Canadian employee ownership

How mini markets maintain a participative culture in an ESOP

Whether it be for a down payment or university tuition of a dependant we all run into larger than life expenses from time to time. When it comes to an ESOP, a mini market can often help deal with these issues. In an established ESOP the Plan Administrator (typically the Board) has the discretion to create in the future an internal market for share trading where ESOP shares may be bought and sold. This is referred to as the Mini market.

If implemented, it would be open to employees who own ESOP shares. Trades would be administered by the Company in order to facilitate the buying and selling of shares. The share trading price will be the annual share value, the FMV as calculated by the most recent valuation. The details of the structure would be provided at the time of implementation.

In a survey EBI conducted, 80% of the respondents utilize mini markets in their ESOP.

Of those, 90% offer the mini market annually. Most found their mini markets to be moderately successful in terms of what their employees wanted. Many saw their employees wanting to buy and sell multiple times a year and others found there were too few shares to produce liquidity in the mini market. These responses were collected in 2018. Like many aspects of the ESOP the mini market requires participation to be successful. Utilizing the mini market allows employees to buy and sell as they need, within the specified timeframe of course. Mini markets don’t have to be an annual event either; it can be at the discretion of the board or the participatory engagement of the employees. Your mini market can be when you decide based on demand and your comfort level. The mini market is designed to allow some liquidity for employees as well as an opportunity to increase their investment in the Company (subject to any caps).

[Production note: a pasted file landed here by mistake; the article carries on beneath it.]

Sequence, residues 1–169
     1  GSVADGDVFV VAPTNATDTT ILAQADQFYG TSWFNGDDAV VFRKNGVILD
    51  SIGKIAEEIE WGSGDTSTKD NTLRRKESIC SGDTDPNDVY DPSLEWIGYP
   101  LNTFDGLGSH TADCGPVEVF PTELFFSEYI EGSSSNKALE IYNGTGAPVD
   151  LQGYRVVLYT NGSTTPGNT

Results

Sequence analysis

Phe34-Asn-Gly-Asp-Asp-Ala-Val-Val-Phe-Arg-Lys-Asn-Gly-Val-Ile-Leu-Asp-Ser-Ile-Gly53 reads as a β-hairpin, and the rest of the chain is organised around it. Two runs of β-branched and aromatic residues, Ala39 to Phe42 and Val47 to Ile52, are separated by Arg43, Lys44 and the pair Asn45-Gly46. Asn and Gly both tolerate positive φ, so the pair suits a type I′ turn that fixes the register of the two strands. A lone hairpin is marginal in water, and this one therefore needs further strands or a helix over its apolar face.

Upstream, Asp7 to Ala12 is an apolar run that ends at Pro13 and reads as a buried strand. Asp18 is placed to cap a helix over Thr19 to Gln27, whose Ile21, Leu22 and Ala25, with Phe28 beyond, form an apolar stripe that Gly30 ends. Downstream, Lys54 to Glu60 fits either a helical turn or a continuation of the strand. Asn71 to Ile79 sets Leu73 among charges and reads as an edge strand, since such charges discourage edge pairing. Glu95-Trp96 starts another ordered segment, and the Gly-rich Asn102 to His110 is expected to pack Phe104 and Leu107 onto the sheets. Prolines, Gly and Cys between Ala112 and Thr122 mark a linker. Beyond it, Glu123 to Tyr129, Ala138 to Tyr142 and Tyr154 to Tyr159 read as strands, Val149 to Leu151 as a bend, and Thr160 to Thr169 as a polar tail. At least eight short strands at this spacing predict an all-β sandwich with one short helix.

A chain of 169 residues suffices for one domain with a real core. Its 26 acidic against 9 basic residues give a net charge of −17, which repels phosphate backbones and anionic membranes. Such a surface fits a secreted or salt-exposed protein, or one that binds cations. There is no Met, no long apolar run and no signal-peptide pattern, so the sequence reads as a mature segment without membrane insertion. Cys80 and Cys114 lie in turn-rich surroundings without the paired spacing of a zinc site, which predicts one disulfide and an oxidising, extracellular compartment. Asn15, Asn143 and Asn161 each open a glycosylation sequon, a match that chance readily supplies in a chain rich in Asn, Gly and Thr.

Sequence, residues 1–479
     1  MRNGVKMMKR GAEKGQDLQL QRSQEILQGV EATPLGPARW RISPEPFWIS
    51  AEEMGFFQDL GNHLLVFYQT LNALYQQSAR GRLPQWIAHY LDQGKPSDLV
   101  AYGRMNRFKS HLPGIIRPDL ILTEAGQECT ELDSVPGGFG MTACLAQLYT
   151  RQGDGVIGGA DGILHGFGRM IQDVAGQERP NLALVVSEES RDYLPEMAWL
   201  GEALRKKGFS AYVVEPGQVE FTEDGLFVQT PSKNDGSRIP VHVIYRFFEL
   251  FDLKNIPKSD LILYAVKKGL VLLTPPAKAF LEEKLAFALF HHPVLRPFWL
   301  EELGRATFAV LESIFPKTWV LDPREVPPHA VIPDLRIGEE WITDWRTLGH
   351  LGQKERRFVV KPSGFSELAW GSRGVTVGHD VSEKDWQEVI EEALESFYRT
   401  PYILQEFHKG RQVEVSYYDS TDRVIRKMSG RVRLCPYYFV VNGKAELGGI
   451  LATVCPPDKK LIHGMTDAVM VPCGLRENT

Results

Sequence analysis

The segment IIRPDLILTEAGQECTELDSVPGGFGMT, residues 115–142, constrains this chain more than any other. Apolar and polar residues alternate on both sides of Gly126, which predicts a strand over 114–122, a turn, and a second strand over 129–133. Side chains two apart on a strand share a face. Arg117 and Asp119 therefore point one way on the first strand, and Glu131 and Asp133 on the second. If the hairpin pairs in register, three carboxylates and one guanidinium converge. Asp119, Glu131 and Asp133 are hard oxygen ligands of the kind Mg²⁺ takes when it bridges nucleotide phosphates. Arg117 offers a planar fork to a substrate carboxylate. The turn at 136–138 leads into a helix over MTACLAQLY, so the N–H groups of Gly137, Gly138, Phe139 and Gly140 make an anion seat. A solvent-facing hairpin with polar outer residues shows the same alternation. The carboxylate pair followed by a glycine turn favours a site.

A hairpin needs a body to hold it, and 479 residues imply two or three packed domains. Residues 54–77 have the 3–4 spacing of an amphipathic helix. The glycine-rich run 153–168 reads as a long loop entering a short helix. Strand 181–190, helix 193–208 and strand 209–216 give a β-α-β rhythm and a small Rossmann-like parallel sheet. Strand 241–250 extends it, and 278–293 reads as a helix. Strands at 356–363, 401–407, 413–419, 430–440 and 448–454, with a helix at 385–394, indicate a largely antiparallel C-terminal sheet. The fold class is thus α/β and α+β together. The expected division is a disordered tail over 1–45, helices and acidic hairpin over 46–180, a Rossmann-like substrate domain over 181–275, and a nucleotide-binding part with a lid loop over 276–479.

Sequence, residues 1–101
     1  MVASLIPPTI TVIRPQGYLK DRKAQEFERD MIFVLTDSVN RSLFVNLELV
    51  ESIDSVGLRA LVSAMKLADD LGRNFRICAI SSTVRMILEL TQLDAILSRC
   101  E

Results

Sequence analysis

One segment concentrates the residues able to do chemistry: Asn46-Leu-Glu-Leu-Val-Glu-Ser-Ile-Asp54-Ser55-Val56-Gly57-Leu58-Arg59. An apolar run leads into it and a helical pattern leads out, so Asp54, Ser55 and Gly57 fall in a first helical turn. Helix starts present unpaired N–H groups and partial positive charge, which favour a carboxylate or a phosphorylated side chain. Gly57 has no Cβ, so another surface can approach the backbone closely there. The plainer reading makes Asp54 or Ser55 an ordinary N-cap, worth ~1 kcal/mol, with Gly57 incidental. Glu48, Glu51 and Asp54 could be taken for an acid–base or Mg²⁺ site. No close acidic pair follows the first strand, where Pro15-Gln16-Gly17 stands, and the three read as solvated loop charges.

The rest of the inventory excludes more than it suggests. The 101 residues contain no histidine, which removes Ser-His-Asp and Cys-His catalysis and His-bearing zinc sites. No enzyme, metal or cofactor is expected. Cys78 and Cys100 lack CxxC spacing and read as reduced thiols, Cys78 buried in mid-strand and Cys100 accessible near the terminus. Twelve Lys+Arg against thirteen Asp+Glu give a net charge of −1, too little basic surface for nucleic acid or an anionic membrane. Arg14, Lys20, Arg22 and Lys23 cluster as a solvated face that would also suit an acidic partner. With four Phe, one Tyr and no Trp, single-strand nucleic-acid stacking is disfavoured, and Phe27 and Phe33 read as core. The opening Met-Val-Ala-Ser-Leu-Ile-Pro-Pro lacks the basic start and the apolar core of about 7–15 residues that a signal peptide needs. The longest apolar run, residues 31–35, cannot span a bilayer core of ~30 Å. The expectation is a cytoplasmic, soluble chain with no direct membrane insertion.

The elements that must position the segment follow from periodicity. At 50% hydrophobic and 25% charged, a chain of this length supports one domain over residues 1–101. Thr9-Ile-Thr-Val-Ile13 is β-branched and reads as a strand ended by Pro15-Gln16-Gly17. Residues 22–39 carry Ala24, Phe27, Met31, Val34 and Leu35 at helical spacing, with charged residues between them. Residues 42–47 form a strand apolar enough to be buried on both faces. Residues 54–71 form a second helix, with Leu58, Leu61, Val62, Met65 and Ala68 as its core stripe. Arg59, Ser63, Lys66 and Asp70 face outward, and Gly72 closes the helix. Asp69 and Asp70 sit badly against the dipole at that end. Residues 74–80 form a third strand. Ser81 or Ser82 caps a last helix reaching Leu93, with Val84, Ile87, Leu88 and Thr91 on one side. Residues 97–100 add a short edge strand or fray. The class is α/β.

The mini market furthers a participative culture by involving the employees in the process of buying and selling and the excitement that creates. It also raises to employees the importance of investing in their futures, which is ultimately in line with the growth of the company (appreciation in share value). It creates an atmosphere of ownership that can only come from owning shares. Further the sale of the shares to other employees (not the company) by way of the mini market may make the shares eligible for the Long Term Capital Gains Exemption (LCGE) making the sale gains tax free to the employees.

By Colleen Johe, Employee Ownership Specialist & Perry Phillips, President